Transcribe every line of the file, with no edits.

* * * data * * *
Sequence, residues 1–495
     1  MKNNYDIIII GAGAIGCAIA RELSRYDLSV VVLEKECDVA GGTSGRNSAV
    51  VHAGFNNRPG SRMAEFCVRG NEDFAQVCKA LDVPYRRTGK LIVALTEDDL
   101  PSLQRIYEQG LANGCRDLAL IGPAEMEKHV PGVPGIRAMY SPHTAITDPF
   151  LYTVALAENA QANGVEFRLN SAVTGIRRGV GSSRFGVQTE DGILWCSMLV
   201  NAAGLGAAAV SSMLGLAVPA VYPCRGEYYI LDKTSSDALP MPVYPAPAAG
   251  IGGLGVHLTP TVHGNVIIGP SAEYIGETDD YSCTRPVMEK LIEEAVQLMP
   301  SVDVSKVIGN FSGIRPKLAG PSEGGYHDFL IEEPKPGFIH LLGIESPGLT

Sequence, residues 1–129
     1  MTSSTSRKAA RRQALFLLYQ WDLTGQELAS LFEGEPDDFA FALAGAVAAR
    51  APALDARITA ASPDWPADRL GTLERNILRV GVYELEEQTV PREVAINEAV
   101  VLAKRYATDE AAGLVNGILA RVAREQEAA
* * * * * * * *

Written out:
Sequence, residues 1–495
     1  MKNNYDIIII GAGAIGCAIA RELSRYDLSV VVLEKECDVA GGTSGRNSAV
    51  VHAGFNNRPG SRMAEFCVRG NEDFAQVCKA LDVPYRRTGK LIVALTEDDL
   101  PSLQRIYEQG LANGCRDLAL IGPAEMEKHV PGVPGIRAMY SPHTAITDPF
   151  LYTVALAENA QANGVEFRLN SAVTGIRRGV GSSRFGVQTE DGILWCSMLV
   201  NAAGLGAAAV SSMLGLAVPA VYPCRGEYYI LDKTSSDALP MPVYPAPAAG
   251  IGGLGVHLTP TVHGNVIIGP SAEYIGETDD YSCTRPVMEK LIEEAVQLMP
   301  SVDVSKVIGN FSGIRPKLAG PSEGGYHDFL IEEPKPGFIH LLGIESPGLT

Sequence, residues 1–129
     1  MTSSTSRKAA RRQALFLLYQ WDLTGQELAS LFEGEPDDFA FALAGAVAAR
    51  APALDARITA ASPDWPADRL GTLERNILRV GVYELEEQTV PREVAINEAV
   101  VLAKRYATDE AAGLVNGILA RVAREQEAA